by Patrick Fearon-Hernandez, CFA, and Thomas Wash
[Posted: 9:30 AM EDT] | PDF
Good morning! Today’s Comment has three main themes: 1) Why markets are rethinking expectations that the U.S. was in recovery; 2) How regulators are looking to rein in banks with new regulations; and 3) How El Niño may be a problem for the rest of the world but could lead to lower energy costs in the U.S.
Optimism Fading: Data continues to show a mixed picture of the current state of the economy.
- Revision to the gross domestic product (GDP) and a release of private payroll information suggest that the economic activity is slowing. According to the Bureau of Economic Analysis, the economy expanded at an annual rate of 2.1% in Q2 2023, slower than the 2.4% in the previous report. On the same day, ADP private payrolls showed that the economy added 177k jobs in August, significantly lower than the previous month’s revised reading of 371k. The disappointing data has challenged the assumption that the worst is behind us and has raised hopes that the Federal Reserve will pause in September.
- Investors welcomed the report, with many dreaming of a possible end to the rate-hiking cycle. The S&P 500 closed higher on Wednesday, while the yield on the 10-year Treasury fell to a three-week low. This shift in sentiment comes a day ahead of the release of the BLS payrolls report. If the report shows another setback in job growth, it will likely strengthen expectations that the Federal Reserve is done raising rates. The latest CME FedWatch Tool suggests that the FOMC is 90% likely to hold rates in September, and there is a nearly 60% chance of rates rising before the end of the year.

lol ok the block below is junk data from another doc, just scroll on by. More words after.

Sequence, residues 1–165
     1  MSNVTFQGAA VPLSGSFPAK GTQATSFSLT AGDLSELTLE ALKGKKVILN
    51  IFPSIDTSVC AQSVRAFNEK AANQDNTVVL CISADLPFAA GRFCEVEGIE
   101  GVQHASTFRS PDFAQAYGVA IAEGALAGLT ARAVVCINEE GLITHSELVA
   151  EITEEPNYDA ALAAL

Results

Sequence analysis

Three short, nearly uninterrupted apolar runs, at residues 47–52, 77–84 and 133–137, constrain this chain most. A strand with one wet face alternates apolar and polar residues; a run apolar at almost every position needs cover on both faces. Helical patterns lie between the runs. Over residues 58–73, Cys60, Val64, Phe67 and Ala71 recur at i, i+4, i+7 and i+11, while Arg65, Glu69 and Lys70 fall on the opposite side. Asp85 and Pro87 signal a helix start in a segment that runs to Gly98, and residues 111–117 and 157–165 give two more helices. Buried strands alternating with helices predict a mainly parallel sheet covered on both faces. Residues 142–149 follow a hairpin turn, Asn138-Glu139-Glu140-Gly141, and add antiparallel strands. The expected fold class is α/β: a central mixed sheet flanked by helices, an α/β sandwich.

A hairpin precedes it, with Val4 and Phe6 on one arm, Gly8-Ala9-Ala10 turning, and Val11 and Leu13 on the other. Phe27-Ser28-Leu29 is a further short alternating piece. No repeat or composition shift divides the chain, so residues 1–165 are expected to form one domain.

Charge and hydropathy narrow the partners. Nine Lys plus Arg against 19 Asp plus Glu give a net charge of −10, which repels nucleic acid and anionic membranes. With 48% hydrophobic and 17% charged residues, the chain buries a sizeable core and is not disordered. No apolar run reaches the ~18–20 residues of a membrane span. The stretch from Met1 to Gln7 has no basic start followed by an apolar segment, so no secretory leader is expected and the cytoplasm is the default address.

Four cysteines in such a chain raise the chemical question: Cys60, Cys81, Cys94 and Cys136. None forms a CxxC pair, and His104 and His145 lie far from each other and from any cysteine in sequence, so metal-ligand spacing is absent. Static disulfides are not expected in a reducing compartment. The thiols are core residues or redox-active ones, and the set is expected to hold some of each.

(Source: CME Group)
- The economic outlook is becoming increasingly uncertain and complex. While it was widely expected that rapidly rising interest rates would hinder GDP growth, the fiscal and monetary response has altered this dynamic. Stimulus checks helped households pay down debt, while easy monetary policy allowed consumers to extend maturities and improve balance sheets. President Biden’s Inflation Reduction Act and infrastructure bills are also likely to mitigate the economic impact of tighter monetary policy. As a result, we are becoming more optimistic that the economy may be able to narrowly avoid a recession in 2023. This may also mean that the Fed may be persuaded to maintain tighter policy for longer.
Policing Banks: Lawmakers and regulators are tightening regulations on banks in an effort to mitigate the risk of future economic disruptions.
- The Federal Reserve and the Federal Deposit Insurance Corporation (FDIC) unveiled plans to force banks with $100 million in assets to set up living wills and to issue enough long-term debt to cover capital losses in times of severe stress. The proposal is designed to make it easier for banks to dissolve during a potential collapse. Regulators have wasted little time ensuring that banks fall into compliance with these new rules. Several regional banks, including Citizens Financial Group Inc. (CFG, $27.99), Fifth Third Bancorp (FITB, $26.16), and M&T Bank Corp (MTB, $126.43) have received warnings about failing to meet requirements. This increase in oversight is likely to add to the woes of a banking system still recovering from the March turmoil.